Dear Brain Mass, I am recently working on a project on small business management, and I have to work on a scenario where my wife and I are in a small business and we have to work around some problems that are common when dealing with a small business.
My wife and I, both in their 20s, worked for one of the largest package delivery services in the world, but our jobs on the package-sorting line were just that-jobs. We wanted more from our work than our current jobs could offer. That's what led us to buy a local auto detailing business, Precision Auto Detailing. We could work their regular shifts at the delivery service from 6 p.m. to 10 p.m. and could devote the early part of the day to running our own company. We invested just $6,000 in the detailing business, which bought us some tools and equipment (most of it rather old), a lease on a building in a high-traffic location, and a small base of established customers, some of whom were local car dealers.
My wife and I kept both of the part-time employees the previous owner had hired and began making sales calls on other car dealers in the area to try to earn our business. Precision Auto Detailing offered pick-up and delivery of the cars we cleaned, and my wife and I always inspected the cars before they were returned to their owners. Our strategy was to provide top quality service and convenience at a fair price. Precision's prices ranged from $100 for the basic detail job to $250 for the top-of-the-line specialty cleaning, which resembled an auto restoration job.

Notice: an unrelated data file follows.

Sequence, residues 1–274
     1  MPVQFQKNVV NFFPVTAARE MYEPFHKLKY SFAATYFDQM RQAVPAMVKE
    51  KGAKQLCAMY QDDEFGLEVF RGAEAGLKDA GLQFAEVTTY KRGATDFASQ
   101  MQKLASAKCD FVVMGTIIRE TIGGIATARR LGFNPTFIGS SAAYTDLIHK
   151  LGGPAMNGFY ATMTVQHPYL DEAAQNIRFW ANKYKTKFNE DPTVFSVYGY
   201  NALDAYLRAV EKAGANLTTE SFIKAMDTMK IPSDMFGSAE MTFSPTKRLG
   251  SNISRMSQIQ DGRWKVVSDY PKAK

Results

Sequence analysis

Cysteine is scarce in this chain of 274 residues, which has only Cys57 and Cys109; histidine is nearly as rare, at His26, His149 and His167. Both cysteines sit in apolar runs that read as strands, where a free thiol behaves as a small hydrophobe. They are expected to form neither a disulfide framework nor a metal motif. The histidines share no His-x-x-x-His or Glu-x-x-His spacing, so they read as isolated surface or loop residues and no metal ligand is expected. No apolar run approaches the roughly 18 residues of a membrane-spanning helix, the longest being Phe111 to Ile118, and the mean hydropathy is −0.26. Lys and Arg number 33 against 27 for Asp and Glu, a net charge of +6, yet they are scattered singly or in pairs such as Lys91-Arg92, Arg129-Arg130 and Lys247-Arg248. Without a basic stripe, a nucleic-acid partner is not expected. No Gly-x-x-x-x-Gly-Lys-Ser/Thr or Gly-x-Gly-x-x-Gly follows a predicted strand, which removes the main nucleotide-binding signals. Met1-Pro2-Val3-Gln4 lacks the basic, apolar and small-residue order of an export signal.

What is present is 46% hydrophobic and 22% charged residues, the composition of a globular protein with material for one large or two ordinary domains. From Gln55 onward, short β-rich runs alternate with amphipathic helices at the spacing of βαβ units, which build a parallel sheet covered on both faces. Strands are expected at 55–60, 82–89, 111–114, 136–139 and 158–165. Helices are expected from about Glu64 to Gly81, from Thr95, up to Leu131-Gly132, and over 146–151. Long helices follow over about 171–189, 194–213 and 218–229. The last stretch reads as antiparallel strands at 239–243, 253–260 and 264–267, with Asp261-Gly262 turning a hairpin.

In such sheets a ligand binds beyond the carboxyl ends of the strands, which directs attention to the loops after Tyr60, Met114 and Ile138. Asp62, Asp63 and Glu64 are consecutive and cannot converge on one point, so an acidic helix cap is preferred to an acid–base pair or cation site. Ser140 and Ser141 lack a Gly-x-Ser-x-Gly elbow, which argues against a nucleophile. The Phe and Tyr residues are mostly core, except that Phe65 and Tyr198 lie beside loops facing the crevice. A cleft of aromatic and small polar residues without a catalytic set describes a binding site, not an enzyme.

Within eight months, Precision's sales were growing rapidly due largely to the personal selling efforts of its new owners and to the quality of the work the company provided its customers. We knew we needed to purchase some new detailing equipment, and after several customer inquiries, we were considering buying the equipment to offer a spray-on truck bed liner service. The bed-liner equipment would cost about $30,000 initially, but retail prices to customers for the service would start at $350 and go up, depending upon the size of the truck and the options selected. The business has been profitable since we bought it, and we have been plowing almost all of the profits back into the company. Our retained earnings are just not yet enough to sustain the rapid growth the company is experiencing.
Having this situation in mind, I will have to have a business plan which I have no experience on that, which lead me to the following questions.
Why would we need a business plan?
What outline of element would you recommend us to include in our business plan?
What do bankers, other lenders, or investors want to see in a business plan?
What advice would you offer us when we are ready to present our business plan to a banker?
Thanks for your help.© BrainMass Inc. brainmass.com December 19, 2018, 9:00 pm ad1c9bdddf
Based on the scenario, this solution addresses the four questions thoroughly, e.g. why we need a business plan, etc.